The Fabulous Canadian Cottages of Rich Americans
Chimamanda Ngozi Adichie, The Thing Around Your Neck (2009)
The title story in this collection is about a young Nigerian woman who immigrates to America, moves into her uncle’s house, leaves her uncle’s house after he attempts to coerce her into sex, and then works as a waitress while trying to put herself through school. While waitressing, she meets and begins an affair with a handsome young American (his eyes are the colour of extra virgin olive oil) who comes from a wealthy family. The story is written in the second person singular, a technique that I find often struggles to shake the aura of the writing workshop assignment; so, in the following passage, “you” is the main character, “he” is the boyfriend, and “they/them” are the boyfriend’s parents:
You were angrier when he told you he had refused to go up to Canada with them for a week or two, to their summer cottage in the Quebec countryside. They had even asked him to bring you. He showed you pictures of the cottage and you wondered why it was called a cottage because the buildings that big around your neighbourhood back home were banks and churches. You dropped a glass and it shattered on the hardwood of his apartment floor and he asked what was wrong and you said nothing, although you thought a lot was wrong. Later, in the shower, you started to cry. You watched the water dilute your tears and you didn’t know why you were crying. (126)
Maybe you were crying because you weren’t going to get to visit his fabulous cottage in Canada?
Cottaging is such a quintessentially Canadian activity that it’s a bit of a surprise we haven’t come across it before, though we have taken note of its close cousin, camping, through Sylvia Plath and Roberto Bolano. But here it is at last.
This is an intriguing passage because it contains two quite different views of Canada. The first to emerge is a very “American” way of looking at us: Canada as an idyllic land (“Quebec countryside”) where rich Americans can buy cottages that let them escape from the stress of their hectic lives. This idea of Canada seems to belong not so much to the narrator herself, but rather to be an expression of what Canada means to her boyfriend’s family.
But then he shows her a picture of the cottage, and the narrator’s own point of view comes through in her comparison of its size to that of churches and banks in Nigeria (“back home”). In quick succession, Canada has been contrasted with two very different countries, to different effect: first with the United States, which makes us seem like a wilderness playground; then with Nigeria, which makes us seem like an obscenely wealthy nation where the cottages are bigger than Nigerian banks.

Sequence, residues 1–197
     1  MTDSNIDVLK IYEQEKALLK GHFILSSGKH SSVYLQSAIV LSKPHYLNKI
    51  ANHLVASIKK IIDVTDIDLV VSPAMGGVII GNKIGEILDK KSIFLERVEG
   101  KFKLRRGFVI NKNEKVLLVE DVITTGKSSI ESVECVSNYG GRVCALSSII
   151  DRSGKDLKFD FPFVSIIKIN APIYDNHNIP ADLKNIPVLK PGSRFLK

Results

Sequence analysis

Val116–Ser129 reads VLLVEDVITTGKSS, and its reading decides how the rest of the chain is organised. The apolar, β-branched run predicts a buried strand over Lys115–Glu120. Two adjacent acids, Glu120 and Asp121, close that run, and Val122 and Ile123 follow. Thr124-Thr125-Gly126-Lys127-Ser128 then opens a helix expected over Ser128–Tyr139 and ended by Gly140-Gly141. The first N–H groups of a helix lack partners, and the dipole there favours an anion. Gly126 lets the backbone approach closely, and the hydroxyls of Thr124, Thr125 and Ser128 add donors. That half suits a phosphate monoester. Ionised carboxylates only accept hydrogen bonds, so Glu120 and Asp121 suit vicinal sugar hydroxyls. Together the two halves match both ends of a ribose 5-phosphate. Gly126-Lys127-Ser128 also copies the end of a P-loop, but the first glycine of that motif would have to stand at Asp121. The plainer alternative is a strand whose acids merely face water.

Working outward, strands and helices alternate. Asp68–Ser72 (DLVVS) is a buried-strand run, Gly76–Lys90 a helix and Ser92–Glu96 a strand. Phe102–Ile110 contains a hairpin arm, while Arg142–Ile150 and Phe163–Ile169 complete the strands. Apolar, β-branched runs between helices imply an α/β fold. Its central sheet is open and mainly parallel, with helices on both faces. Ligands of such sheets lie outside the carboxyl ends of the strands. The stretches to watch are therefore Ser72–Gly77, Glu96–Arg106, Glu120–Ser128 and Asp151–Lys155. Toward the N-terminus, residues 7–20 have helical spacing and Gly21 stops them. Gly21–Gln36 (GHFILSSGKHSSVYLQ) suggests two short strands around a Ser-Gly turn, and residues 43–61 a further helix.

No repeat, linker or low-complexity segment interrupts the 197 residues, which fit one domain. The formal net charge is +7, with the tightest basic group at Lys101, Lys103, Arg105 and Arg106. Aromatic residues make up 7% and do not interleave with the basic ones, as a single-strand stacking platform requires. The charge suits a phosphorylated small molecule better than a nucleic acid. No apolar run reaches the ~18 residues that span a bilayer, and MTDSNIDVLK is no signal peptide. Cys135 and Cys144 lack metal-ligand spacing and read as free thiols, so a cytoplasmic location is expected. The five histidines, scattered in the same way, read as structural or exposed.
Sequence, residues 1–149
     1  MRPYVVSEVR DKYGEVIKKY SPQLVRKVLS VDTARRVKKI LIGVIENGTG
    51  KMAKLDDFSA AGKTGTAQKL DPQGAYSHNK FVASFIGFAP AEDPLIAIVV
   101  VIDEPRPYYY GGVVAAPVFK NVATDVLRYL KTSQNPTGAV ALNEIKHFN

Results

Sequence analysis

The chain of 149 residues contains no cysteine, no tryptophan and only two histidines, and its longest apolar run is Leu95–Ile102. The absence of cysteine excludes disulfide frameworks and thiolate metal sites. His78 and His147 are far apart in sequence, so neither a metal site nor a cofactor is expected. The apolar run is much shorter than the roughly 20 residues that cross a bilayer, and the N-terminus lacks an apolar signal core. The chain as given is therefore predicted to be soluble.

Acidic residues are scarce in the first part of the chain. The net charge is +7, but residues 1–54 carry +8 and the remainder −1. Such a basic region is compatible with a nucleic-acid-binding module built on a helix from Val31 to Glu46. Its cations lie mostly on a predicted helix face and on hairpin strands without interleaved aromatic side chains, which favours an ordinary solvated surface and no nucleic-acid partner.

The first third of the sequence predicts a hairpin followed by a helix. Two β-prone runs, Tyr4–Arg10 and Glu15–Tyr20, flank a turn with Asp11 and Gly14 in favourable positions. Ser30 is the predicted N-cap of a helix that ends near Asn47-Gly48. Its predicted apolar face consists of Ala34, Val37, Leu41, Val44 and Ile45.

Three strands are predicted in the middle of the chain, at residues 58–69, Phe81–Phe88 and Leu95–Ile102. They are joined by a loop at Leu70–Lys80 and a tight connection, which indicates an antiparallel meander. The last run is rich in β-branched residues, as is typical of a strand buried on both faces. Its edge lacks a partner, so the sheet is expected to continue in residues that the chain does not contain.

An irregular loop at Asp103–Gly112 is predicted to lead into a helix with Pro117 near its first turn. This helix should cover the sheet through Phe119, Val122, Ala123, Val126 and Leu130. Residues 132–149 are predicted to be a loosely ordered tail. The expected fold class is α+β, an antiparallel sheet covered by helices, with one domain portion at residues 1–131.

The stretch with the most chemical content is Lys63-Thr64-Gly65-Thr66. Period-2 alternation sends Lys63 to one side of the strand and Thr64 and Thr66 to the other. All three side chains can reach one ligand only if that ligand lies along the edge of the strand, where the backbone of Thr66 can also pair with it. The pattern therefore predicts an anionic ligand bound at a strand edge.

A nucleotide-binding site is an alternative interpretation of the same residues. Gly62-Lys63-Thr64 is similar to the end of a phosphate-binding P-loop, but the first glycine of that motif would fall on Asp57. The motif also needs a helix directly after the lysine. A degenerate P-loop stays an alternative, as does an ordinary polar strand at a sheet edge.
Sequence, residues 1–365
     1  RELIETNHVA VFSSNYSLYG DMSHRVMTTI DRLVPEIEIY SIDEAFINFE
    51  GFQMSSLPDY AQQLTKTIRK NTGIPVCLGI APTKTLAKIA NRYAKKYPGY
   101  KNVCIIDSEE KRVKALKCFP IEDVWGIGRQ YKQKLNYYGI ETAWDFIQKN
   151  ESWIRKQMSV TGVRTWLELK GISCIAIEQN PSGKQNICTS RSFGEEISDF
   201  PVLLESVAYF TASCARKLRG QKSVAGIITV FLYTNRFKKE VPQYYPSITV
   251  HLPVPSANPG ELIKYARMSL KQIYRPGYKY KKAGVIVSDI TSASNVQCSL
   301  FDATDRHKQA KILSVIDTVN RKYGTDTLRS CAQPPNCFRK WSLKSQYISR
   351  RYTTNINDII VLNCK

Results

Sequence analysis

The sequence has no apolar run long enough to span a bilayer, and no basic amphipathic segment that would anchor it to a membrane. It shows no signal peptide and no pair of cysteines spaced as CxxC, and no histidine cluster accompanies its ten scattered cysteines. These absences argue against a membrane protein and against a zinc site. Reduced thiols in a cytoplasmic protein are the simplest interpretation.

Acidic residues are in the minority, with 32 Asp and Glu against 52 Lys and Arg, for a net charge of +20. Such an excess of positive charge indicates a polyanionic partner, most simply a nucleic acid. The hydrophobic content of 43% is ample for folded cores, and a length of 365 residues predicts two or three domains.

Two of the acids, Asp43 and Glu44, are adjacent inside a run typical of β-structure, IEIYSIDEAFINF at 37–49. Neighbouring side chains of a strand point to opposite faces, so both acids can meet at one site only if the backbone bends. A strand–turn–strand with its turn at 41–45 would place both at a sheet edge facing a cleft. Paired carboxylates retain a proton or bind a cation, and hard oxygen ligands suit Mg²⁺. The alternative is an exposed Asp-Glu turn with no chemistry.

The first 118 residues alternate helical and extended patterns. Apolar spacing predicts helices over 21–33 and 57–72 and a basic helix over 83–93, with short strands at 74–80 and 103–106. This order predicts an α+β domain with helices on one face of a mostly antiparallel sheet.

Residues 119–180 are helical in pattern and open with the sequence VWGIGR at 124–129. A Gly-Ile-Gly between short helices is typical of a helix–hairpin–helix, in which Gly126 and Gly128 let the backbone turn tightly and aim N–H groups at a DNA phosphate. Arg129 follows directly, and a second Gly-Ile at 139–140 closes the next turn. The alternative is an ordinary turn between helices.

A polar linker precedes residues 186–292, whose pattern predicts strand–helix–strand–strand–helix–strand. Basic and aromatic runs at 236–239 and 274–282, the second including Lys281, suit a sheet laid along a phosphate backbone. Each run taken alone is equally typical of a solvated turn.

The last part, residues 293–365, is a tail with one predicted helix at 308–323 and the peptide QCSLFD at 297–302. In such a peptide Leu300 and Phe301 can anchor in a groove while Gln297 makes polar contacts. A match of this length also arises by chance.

The choice of a bank for the comparison is significant, as it tightens the focus on wealth, which is central to the story. We are reminded that, relative to most of the world, Canada is a wealthy country, where private cottages can be the size of public buildings in other places. We are also reminded that the family of the narrator’s boyfriend is rich enough to afford, not just a home, but a cottage, that would easily dwarf any home she might have known in Nigeria. The Canadian cottage becomes, not just a marker of wealth, like the hardwood floor, but a marker of a kind of excess – of having more than anyone really needs.
The reference to the cottage is a small moment in the story, but it plays a key role, sharpening the distinction between the life the narrator has left behind and the world of her boyfriend, which she is moving into. A cottage in Quebec – a cottage the size of a Nigerian bank – is just one of the many things rich Americans possess, and its presence reaffirms the financial and cultural gulf that separates the lovers.
In case you were wondering how things turned out for you, in the end you went back to Nigeria, parting somewhat ambiguously from your rich American boyfriend after he drove you to the airport.